The mood surrounding the UCLA women’s basketball team could be described in a few words.

Time to put up or shut up.

And the Bruins (14-6, 7-2 Pac-10) will get their chance to put up this weekend when they travel to take on No. 2 Stanford tonight and then head to Berkeley to take on Cal on Saturday, in what could be two of the Bruins’ most crucial games on the season.

But first things first “¦ the Cardinal.

Stanford (19-1, 9-0) is undefeated in Pac-10 play and has only lost one game all season. But the last time the Bruins took on the Cardinal, they certainly did not wilt under pressure. After trailing by 16 at halftime, UCLA clawed all the way to within two points with fewer than ten seconds to go. However, the Bruins still came up short, dropping that game 65-61.

But according to UCLA coach Nikki Caldwell, her team learned a lot from that first game against the Cardinal, lessons she hopes her team can apply in their second matchup with the crimson and white.

“Our style is predicated on our defensive influence and I didn’t think that the first game we did that necessarily against Stanford,” Caldwell said after Tuesday’s practice. “I thought we played on our heels and they executed their offense. We also got to look at being a better offensive team. Our shot selection was not the best. We were shooting off-balance, contested shots. Airballs.”

But the first game definitely proved to be a tale of two halves. In the first half, Stanford shot 46 percent from the field as opposed to 25 percent shooting for the Bruins. But in the second half, UCLA was able to clamp down on defense as well as improve on the offensive end. The Bruins shot a blistering 59 percent from the field, while the Cardinal shot only 28 percent from the field.

Unfortunately, one half of good basketball was not enough to take down the Cardinal, who come into Thursday’s game still occupying the No. 2 ranking in the country.

“We’re really putting a lot of emphasis on us practicing at the level of intensity we need to practice at, so we can maintain that type of intensity for 40 minutes,” Caldwell said.

It seems like “play for 40 minutes” has been a consistent slogan of Caldwell’s over the course of the season, so much that even her players have adopted their coach’s favorite phrase.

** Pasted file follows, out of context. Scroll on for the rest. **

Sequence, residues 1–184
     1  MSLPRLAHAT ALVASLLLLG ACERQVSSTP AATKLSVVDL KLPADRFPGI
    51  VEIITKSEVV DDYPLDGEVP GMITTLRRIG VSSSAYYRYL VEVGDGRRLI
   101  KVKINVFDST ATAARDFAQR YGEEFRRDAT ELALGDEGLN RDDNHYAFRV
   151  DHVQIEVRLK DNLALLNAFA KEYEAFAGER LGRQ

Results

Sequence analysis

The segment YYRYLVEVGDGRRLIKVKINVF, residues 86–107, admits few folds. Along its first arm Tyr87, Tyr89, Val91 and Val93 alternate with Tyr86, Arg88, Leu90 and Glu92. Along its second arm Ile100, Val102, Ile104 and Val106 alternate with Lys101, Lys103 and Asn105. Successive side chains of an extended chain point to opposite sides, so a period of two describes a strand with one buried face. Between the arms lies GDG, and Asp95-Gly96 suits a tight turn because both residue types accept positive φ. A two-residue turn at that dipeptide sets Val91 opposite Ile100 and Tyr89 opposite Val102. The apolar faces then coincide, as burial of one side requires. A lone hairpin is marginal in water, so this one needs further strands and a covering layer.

“I’m looking for my team to go out there and give it all and play the whole 40 minutes,” sophomore guard Jasmine Dixon said. “Like Coach said, we haven’t been able to play 40 minutes the whole season yet. I’m hoping this is the beginning of playing 40-minute games for us.”

And when asked what she expected out of her team this weekend, freshman standout Markel Walker reiterated the thoughts of her coach and teammate, saying that she expects her team to be able to put together two 40-minute performances over the next three days.

“I expect the same, a 40-minute game, and everybody just bringing their game and bringing what they do best to the table, and hopefully we come out on top,” Walker said.

Coincidentally, if the Bruins hope to come out on top twice this weekend, 40 minutes of “bringing their game” may be exactly what UCLA needs from Dixon and Walker, especially on Thursday when they will presumably match up with Stanford’s Jayne Appel and Nnemkadi Ogwumike, two of the nation’s top players.

But Caldwell is confident that the Bruins scout team, comprised of about 13 guys, will have served its purpose come Thursday in preparing the Bruins for the inside presence that is Appel and Ogwumike.

“Our scout team does a good job “¦ of representing the opponent,” Caldwell said. “Jayne [Appel] and [Nnemkadi] Ogwumike are two of the best post players in the country. So some of our scout guys, we’re going one-on-one with them and showing rotation.”

As far as Cal goes, Thursday through Saturday may prove to be even bigger for the Bears than for the Bruins.

UCLA is currently tied for second place in the Pac-10 standings with their rival Women of Troy, both teams sitting two games behind the mighty Cardinal. But Cal (11-9, 5-4) is sitting tied for fourth place, two games behind UCLA and USC.

If the Golden Bears are able to defend their home court and defeat both Los Angeles schools, they could climb into a tie for second place as well. And Caldwell is sure the Bears will have revenge on their mind after suffering a 57-46 loss earlier in the season at Pauley Pavilion.

“Looking at Cal, I think it’s going to be a battle,” Caldwell said. “They’re a scrappy team, and they really came and got after us here. I like their intensity on the defensive end and we’ve got to match that.”

And leading Cal is senior guard Alexis Gray-Lawson, who not only leads the Bears, but leads the Pac-10 in scoring, dropping in 24 points per game. That says nothing of her 47-point outburst at Oregon State on Jan. 23, followed by a 39-point night against Arizona on Jan. 28.

“With Gray-Lawson, that’s a kid you’ve got to have limited touches,” Caldwell said. “So we’ve been really working on denial and if she’s free, then automatic switches. But you try to maintain what your system and what your philosophy is no matter who you play.”